Fungal and discoloured toenails
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What is a fungal toenail?
Fungal toe nails are nails that have become infected by fungus. They can be caused by the same micro-organisms that cause athlete’s foot. They use the keratin in your nails as a food source and cause discolouration, thickening and damage.
Often the discolouration is white, yellow or brown. Black nails are usually caused by trauma (stubbing or dropping something on your toe) but if you haven’t damaged your toe and your nail becomes black or or dark in colour, seek advice from a Podiatrist, GP or Dermatologist as it should be looked at.
Anyone can get a fungal nail infection. They can be associated with previous trauma, but this can be microtrauma which you were not aware of, leading to nail damage and an entry portal for the fungus. Damaged or dehydrated nails, or poor foot hygiene may also increase risk of developing a fungal nail infection, and they can be associated with a number of medical conditions such as diabetes, and the ageing process.
How can I help myself?
Fungal toenails are particularly hard to treat and even if you can eradicate all of the active fungus, the nails can still appear thickened, deformed or discoloured.
You can try some over the counter treatments if you think you have a fungal nail, but ideally you should get the checked by a Podiatrist or another medical professional to confirm the likely diagnosis and they may offer testing of the nail too.
Self treatment usually involves a liquid or paint which is applied to the nails. Treatments can vary in strength and effectiveness and also the way they work can vary too. They can work if it is a superficial infection but you may have to file the nail surface and apply medicated nail varnish or cream regularly and consistently. This treatment requires dedication for a minimum of nine months we usually find, and treatment is often unsuccessful, particularly for more stubborn infections.
There are many myths about fungal infections. One common one is that tea tree oil, or Vick vaporub will kill fungal nail infections which has not been confirmed with any research we have seen. We will be launching a video and blog post soon about some of the common misconceptions and with more information about self treatment of fungal nail infections.
When to see a Podiatrist?
Podiatrists can offer advice on possible diagnosis and treatment.
They may recommend getting the nail tested to confirm that it is fungal. There are in clinic testing kits available, but testing may also require further cultures to identify the microbes and then a suitable course of action can be taken. This is definitely important if you are considering taking tablets to try and treat the fungal nails but is not as important if you are just looking for advice or more conservative or cosmetic treatments.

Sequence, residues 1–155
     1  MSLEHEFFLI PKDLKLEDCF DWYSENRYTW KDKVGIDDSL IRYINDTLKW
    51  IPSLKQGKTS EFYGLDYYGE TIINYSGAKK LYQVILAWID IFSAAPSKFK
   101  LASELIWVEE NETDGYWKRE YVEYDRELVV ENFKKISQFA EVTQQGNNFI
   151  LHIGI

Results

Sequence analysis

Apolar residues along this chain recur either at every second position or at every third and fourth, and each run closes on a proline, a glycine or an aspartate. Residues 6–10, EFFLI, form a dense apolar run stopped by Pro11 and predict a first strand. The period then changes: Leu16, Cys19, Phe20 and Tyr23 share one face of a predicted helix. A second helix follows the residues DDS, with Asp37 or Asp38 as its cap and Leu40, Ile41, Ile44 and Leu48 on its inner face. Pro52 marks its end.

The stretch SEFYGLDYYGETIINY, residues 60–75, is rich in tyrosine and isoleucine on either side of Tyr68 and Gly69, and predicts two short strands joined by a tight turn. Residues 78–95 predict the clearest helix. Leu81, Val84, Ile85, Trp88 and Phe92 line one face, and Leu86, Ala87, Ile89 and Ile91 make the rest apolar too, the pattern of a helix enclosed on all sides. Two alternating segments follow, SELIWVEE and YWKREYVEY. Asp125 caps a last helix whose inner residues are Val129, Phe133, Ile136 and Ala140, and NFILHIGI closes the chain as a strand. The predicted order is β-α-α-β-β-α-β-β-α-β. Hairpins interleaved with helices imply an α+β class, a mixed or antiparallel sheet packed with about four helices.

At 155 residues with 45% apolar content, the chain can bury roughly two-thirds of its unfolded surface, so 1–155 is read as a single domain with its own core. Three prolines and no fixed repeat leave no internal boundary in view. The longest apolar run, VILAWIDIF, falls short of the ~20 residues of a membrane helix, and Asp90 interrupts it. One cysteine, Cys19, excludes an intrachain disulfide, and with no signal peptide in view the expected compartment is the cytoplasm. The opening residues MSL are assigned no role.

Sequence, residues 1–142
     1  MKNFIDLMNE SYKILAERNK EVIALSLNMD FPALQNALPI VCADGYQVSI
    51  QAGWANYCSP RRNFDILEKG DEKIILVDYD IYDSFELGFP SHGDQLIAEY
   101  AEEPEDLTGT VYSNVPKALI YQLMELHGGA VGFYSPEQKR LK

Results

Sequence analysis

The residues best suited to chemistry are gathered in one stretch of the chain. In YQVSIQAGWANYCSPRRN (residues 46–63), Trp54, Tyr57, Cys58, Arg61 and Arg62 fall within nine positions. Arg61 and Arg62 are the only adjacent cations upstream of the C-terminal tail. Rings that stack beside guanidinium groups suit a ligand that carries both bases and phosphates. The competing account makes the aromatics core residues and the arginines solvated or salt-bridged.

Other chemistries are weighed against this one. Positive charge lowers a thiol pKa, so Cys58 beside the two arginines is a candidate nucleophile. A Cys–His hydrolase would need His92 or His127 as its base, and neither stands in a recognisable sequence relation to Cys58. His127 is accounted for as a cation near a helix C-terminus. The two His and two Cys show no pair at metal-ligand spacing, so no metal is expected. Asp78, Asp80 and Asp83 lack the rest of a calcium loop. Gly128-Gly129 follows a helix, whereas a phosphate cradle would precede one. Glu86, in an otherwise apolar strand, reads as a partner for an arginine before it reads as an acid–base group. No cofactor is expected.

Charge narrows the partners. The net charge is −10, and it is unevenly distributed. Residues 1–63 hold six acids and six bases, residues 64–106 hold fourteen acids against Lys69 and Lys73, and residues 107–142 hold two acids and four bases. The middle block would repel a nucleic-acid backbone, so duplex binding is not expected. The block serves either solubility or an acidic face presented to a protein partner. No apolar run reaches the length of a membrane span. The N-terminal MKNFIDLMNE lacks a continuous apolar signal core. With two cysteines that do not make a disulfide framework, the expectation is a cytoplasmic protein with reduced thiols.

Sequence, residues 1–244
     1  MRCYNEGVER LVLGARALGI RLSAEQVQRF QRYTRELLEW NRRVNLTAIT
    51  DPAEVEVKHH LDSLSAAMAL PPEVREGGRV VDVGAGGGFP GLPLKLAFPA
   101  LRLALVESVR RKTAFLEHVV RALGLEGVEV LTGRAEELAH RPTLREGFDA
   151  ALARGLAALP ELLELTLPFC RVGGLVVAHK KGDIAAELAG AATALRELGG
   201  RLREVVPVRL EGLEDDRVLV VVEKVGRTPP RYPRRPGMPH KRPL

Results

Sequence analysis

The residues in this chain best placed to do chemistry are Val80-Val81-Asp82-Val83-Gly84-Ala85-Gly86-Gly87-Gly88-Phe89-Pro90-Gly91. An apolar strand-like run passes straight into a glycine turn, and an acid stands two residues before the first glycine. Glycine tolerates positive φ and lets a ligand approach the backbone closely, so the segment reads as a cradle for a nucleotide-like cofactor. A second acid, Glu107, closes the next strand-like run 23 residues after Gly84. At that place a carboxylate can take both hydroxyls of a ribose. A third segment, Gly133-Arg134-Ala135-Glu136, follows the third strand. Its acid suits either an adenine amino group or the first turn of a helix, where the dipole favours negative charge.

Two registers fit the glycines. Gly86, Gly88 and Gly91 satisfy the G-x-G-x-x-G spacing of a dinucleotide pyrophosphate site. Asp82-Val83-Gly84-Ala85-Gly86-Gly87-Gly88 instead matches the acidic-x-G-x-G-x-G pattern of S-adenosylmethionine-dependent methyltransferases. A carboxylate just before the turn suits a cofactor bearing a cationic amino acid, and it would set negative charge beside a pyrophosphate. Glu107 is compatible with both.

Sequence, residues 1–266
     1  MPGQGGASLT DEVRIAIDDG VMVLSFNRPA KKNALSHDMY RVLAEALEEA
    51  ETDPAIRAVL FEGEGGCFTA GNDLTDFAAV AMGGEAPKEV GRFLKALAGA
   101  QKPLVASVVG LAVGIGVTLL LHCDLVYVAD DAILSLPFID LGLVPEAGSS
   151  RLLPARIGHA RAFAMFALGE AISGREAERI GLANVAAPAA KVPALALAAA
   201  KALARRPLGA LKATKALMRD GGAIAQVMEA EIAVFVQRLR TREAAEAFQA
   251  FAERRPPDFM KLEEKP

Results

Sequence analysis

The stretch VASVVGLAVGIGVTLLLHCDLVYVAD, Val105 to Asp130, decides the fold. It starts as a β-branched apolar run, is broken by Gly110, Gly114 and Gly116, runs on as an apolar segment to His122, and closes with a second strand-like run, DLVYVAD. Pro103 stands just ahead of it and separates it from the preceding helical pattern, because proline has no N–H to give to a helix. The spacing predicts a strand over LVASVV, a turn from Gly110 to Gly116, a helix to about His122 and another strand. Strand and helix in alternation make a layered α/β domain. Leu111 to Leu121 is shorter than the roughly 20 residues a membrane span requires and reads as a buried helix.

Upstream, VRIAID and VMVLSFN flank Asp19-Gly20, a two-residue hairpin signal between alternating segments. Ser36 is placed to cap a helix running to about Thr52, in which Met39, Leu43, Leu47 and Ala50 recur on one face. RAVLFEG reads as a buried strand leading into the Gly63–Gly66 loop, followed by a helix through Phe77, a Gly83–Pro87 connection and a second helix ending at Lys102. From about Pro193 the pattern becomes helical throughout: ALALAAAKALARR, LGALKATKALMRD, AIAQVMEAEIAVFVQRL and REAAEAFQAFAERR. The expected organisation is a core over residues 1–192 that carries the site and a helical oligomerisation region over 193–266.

If the nails are very thickened, you may require your podiatrist to thin the nails for you using gentle scalpel debridement, a nail file or electric burr.
There are also gentle micro-drilling treatments such as Clearanail which can be effective. These make tiny holes in the nail plate to allow a topical medicament to be administered by you on a daily basis. Laser therapy options are also growing in Popularity. See if any of your local Podiatrists are offering this in the directory. All treatments can vary in effectiveness and even if the fungus can be irradiated, the nails may still appear thickened, discoloured or damaged unfortunately.
If the nail is very thickened and painful, then you may wish to consider a surgical nail removal. This is a minor operation and then you need to apply a daily treatment as the new nail grows back, alternatively you could opt to have the nail bed treated with a chemical to stop the nail growing back at all. A podiatrist will be able to carry out these procedures for you under local anaesthetic and will be able to discuss the risks and benefits of each.
Many patient’s are very happy with the appearance of fungal toe nails after a Podiatrists treatment even when the fungus has not been eradicated, because the nails are usually made thinner and neater which is more cosmetically pleasing and can stop them catching on socks or footwear.
Often, fungal nail infections are symptom free. They will only leave the nail slightly discoloured, thickened or brittle. Nail fungus is extremely difficult to totally resolve but treatment should be tried to prevent the infection from becoming a significant problem later on.
It is also worth addressing any fungal infections of the skin at the same time, such as athletes foot.